Alarming… Port Loko Records 69 Cases Of Sexual Penetration

By Donstance Koroma in Port Loko

Report by the Port Loko District Human Rights Committee, titled ‘The Increased Spate of Sexual and Gender Base Violence against Women and Girls in the District’, indicates that between the months of January and August 2020, 69 cases of sexual penetration in Masiaka, Lunsar, Port Loko and Lungi were captured.

In her keynote address, the Resident Minister, North West Region, said the advent of the Human Rights Commission of Sierra Leone have reduced the level of inequality and gender across the country.

She said many have come to the realization that gender is less significant and that the output of an individual is what matters in society. She said what men can do women can do better, as women can do what men can’t, citing child bearing as a typical example.

The minister attributed harmful traditional practices, hunger and conflict as the root causes of sexual and gender based violence in the country, citing rape and sexual penetration as examples. She encouraged human rights groups to discourage underage girls becoming commercial sex workers.

The 12,252 cases of sexual penetration of minors in 2019 is alarming, and called on parents to discourage out of police and court settlements.

Proffering solutions to reduce the spate of SGBV in the region, she called for intense awesomeness raising on the dangers of harmful traditional practices to stop violence against the girl child, speak about violations in homes especially wife battering. The minister called for more engagements with community leaders to discourage compromise.

The Chiefdom Speaker of Port Loko, Malabi Tarawally, thanked the Human Rights Commissioner, Patricia N’danehma, for ensuring that the district hosted the Commission’s regional office, noting the good working relationship between the regional office and stakeholders.

He called on the Commissioner, through the government, to improve the office of the Family Support Until as the Unit is constrained with personnel and logistics, which, he added, is hindering their duties.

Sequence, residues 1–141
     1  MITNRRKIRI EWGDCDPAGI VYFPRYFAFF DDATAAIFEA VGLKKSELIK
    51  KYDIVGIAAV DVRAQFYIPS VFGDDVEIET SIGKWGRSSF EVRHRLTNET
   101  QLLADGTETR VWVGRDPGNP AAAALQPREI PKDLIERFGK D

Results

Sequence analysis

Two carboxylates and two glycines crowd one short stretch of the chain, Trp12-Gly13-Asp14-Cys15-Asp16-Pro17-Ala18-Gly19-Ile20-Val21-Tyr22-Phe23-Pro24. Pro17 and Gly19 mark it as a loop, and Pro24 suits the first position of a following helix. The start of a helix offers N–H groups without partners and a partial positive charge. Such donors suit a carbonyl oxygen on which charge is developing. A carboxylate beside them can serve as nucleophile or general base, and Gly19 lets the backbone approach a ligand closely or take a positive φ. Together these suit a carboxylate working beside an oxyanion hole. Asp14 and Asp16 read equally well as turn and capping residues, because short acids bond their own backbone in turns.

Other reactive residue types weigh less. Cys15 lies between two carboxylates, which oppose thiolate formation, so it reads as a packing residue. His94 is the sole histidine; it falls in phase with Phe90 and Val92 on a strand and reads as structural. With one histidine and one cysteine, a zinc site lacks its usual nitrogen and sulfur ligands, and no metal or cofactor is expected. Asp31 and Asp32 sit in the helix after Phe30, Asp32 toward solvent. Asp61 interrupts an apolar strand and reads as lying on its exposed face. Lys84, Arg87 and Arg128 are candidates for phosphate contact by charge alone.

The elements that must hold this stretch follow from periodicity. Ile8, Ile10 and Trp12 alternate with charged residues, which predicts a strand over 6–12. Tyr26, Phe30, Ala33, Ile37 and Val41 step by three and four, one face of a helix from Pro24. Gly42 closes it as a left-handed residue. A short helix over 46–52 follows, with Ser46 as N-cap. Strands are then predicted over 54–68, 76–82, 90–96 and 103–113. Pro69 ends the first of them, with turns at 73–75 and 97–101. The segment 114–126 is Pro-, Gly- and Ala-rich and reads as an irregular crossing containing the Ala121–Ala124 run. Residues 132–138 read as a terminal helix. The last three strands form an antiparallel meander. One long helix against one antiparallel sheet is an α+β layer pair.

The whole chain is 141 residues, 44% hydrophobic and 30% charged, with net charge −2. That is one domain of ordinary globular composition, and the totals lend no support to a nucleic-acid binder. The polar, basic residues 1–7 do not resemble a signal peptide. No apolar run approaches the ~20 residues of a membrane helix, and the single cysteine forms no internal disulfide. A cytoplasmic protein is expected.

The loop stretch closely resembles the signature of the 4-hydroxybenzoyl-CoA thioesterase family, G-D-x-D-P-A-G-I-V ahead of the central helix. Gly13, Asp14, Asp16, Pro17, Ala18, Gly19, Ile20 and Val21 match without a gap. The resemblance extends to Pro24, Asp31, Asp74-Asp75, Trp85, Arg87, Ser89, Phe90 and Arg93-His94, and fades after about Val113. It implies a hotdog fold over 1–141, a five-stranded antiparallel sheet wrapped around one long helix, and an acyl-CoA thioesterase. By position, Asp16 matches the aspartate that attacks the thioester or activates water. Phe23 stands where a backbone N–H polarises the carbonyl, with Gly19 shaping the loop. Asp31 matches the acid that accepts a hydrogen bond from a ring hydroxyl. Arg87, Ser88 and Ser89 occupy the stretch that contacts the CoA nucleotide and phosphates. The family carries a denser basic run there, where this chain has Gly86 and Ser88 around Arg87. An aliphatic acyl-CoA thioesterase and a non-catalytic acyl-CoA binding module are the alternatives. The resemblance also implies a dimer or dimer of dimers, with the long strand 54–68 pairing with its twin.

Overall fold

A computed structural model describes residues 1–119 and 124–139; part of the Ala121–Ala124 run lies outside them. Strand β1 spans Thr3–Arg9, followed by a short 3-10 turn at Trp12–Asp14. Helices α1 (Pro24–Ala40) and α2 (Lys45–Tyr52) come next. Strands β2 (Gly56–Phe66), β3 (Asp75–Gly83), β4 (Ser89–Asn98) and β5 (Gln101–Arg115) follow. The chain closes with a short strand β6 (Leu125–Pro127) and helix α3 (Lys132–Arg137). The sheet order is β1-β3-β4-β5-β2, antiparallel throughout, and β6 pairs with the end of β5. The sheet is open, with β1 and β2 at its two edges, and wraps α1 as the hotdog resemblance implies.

Malabi Tarawally noted that SGBV cases have reduced drastically, which is due to the interventions of the District Human Rights Committee and other civil rights organizations. Many cases of SGBV are not charged to court simply because parents and caregivers, of victims, are unable to afford the cost for medical examination and as a result the cases die a natural death, he said.

He associated the causes of SGBV to extreme poverty in remote and hard to reach communities.

“Natives of Port Loko didn’t believe sending their girl child to school, but rather prefer educating them on business and how to take care of their husbands in future,” he said.

He assured that the newly constructed Government Secondary School for Girls in Port Loko will greatly increase the number of girls in school, and therefore called on the government to provide the school with a boarding home.

FSU Regional Coordinator, North West, ASP Abubakarr Kanu, said the police alone can’t combat SGBV and it entails both legal and social aspects, and until both are addressed SGBV will continue to thrive.

ASP Kanu cited proximity, accessibility and poverty as reasons why such cases are not charged to court. He said there are no safe homes and juvenile cells and courts for child offenders of SGBV in an event they came into contact with the law. Lack of cooperation with the police and the court system most times discourage their efforts in the fight against SGBV.

Gender and Children’s Affairs Director, HRC-SL Port Loko Gloria Bayor, dilated on the functions of the Commission, which, she noted, are geared toward the protection of women and girls and support organizations to make SGBV a thing of the past.

Since the inception of gender directorates in 2008 they had collaborated with government on public awesomeness on the rights of women and children, joined the Social Welfare Ministry to look at the three gender laws and Sexual Offenses Act before enactment, she noted

Chernor Jurgor Timbo, Manager One Stop Center SGBV Port Loko, said government, through the ministry of Gender and Children’s Affairs, has undertaken a number of preventive and response , which, he noted, include the setting up of the Pillar Coordination Committee for SGBV prevention and response, launched the 116 toll line for rape.

“To curb the high rate of prevalence within the country, government has created Steering Committees for centers of which government line ministries, departments, agencies, NGOS and key stakeholders are involved,” Timbo said.

He said the One Stop Center consists of the secretariat, treatment and canceling facility with toilet and bathroom with adequate medical for victims and survivors of SGBV.

Before now, he continued, there was a constraint in coordinating and collaboration by NGOs, FSU and other key partners, he added. The engagement was climaxed by developing a Joint District Action Plan on SGBV.

The event was chaired by the Commissioner, Human Rights Commission of Sierra Leone, Patricia Ndanehma.

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